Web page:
Tips for Virtual Pet Training
Do some research: Find a trainer who uses an approach you like. With virtual training, geography is not an issue.
Create training space: Designate 8 to 10 feet of space in a quiet area where your pet won't be distracted.
Position your technology: Place your phone or laptop slightly above eye level and angled down.
Be prepared: Have plenty of treats on hand and ask your trainer what type of equipment (leash, toys, etc.) you should have ready.
Get into the real world: Virtual training won't socialize your dog. Consider socially distant walks or puppy play dates.
After months of anticipation, Ellen Cohen picked up her fluffy white Cavachon puppy Maisie in March, just four days before the World Health Organization declared COVID-19 a pandemic.
The in-person puppy training classes Cohen, 69, had planned for Maisie were no longer an option due to social distancing restrictions. But Cohen, of Danbury, Connecticut, needed help. When she tried to get Maisie to lie down or stay, Maisie would look at her “like I was out of my mind,” says Cohen.
Instead, Cohen turned to virtual dog training. Using an app on her phone, Cohen has been working one-on-one with a trainer through live video sessions.
Get instant access to members-only products and hundreds of discounts, a free second membership, and a subscription to AARP the Magazine.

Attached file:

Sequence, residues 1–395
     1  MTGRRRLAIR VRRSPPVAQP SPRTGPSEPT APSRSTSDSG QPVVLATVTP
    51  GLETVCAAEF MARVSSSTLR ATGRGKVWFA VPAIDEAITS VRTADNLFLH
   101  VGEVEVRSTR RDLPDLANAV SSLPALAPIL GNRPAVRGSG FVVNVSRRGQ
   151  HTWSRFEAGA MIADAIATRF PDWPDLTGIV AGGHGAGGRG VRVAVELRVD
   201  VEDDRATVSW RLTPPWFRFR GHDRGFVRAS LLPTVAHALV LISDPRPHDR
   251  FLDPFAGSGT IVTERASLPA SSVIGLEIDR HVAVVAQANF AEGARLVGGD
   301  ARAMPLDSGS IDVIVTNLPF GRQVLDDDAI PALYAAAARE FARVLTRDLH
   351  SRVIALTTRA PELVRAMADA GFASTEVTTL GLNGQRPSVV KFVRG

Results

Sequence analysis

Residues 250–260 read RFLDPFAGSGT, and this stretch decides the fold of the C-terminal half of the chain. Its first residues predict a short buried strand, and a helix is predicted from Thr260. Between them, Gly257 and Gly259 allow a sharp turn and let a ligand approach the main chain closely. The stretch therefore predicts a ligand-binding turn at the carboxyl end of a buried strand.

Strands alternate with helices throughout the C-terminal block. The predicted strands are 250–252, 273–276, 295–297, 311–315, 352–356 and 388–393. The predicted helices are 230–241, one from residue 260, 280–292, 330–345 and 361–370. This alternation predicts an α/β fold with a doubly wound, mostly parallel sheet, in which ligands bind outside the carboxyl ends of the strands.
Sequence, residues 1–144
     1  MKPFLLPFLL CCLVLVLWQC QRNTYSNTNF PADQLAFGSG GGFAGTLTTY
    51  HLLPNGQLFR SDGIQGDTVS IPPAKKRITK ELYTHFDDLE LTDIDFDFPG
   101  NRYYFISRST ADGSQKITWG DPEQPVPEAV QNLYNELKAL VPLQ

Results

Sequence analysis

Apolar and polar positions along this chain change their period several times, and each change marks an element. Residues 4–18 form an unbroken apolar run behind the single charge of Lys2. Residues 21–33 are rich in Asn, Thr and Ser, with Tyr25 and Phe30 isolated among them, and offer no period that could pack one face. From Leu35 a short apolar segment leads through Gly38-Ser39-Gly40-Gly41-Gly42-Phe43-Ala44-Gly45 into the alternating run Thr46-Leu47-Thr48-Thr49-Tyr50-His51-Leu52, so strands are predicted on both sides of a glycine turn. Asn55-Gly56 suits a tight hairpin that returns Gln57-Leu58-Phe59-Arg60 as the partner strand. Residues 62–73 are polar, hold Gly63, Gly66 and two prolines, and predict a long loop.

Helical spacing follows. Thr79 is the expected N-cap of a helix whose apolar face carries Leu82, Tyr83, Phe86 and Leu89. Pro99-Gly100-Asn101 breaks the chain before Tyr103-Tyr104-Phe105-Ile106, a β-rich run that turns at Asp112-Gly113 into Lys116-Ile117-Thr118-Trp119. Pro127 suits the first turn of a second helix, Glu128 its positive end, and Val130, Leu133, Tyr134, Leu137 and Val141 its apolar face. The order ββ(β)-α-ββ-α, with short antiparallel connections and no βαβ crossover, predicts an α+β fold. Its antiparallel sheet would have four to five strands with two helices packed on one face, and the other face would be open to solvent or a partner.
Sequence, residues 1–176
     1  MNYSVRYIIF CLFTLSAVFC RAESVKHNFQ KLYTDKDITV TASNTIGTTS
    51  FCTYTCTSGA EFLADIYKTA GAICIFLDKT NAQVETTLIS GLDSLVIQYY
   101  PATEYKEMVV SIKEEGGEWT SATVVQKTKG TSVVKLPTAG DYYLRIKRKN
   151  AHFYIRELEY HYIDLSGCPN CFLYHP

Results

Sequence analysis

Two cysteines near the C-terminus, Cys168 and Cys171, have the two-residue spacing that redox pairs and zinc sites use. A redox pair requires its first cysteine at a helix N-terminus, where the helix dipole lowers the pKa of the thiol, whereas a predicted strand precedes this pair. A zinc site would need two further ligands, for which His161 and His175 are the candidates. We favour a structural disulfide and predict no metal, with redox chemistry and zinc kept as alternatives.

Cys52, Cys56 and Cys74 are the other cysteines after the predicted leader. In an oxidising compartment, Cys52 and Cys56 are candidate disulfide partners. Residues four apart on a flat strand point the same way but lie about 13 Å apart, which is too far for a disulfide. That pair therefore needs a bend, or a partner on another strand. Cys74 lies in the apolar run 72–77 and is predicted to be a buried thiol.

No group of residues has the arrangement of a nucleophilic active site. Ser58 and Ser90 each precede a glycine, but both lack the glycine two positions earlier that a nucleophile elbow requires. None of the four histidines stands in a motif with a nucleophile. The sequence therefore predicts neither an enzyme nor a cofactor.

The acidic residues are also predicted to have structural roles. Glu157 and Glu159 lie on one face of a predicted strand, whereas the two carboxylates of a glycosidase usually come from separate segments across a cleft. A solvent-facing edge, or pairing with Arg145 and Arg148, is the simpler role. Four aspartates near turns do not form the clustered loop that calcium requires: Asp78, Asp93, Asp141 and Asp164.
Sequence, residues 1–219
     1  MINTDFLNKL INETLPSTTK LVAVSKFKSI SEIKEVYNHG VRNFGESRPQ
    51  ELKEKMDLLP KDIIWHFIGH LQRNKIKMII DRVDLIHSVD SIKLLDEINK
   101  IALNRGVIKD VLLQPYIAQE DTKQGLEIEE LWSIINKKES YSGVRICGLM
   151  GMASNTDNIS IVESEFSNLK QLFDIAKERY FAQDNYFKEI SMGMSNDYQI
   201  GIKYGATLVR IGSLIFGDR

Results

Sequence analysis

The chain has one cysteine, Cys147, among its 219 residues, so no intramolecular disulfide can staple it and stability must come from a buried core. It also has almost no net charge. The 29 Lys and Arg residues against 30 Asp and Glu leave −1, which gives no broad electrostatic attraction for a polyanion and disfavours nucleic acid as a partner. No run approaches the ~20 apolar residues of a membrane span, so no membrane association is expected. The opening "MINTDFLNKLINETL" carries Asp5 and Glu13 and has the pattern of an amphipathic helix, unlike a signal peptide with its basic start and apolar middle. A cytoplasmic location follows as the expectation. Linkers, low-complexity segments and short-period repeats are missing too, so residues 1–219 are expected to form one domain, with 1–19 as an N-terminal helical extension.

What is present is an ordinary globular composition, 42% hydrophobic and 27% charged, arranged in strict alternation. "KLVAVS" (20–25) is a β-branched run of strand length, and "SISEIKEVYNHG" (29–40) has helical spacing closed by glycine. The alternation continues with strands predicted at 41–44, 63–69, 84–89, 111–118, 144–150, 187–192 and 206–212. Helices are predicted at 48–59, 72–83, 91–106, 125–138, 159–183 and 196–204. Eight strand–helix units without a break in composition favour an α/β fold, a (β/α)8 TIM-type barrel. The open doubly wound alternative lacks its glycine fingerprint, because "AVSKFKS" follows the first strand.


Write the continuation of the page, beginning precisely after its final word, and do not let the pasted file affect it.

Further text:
Those virtual sessions taught Maisie how to listen to commands, stop barking and be alone without her human — something many new pets may struggle with after so much togetherness. The sessions trained Cohen as a pet owner, too, teaching her to read subtle cues in Maisie's behavior indicating whether the dog was experiencing fear or boredom, or needed a potty break.
More flexibility offered
Since the onset of the coronavirus pandemic, a record number of Americans have brought new pets into their homes. From 100-person puppy wait-lists with breeders to a shortage in shelters, the 2020 surge in demand for dogs and cats has been unprecedented.
A lot of those pets — and their owners — need training. With social distancing measures still in place throughout much of the country, many cat and dog owners are using virtual training to get their new family members up to speed.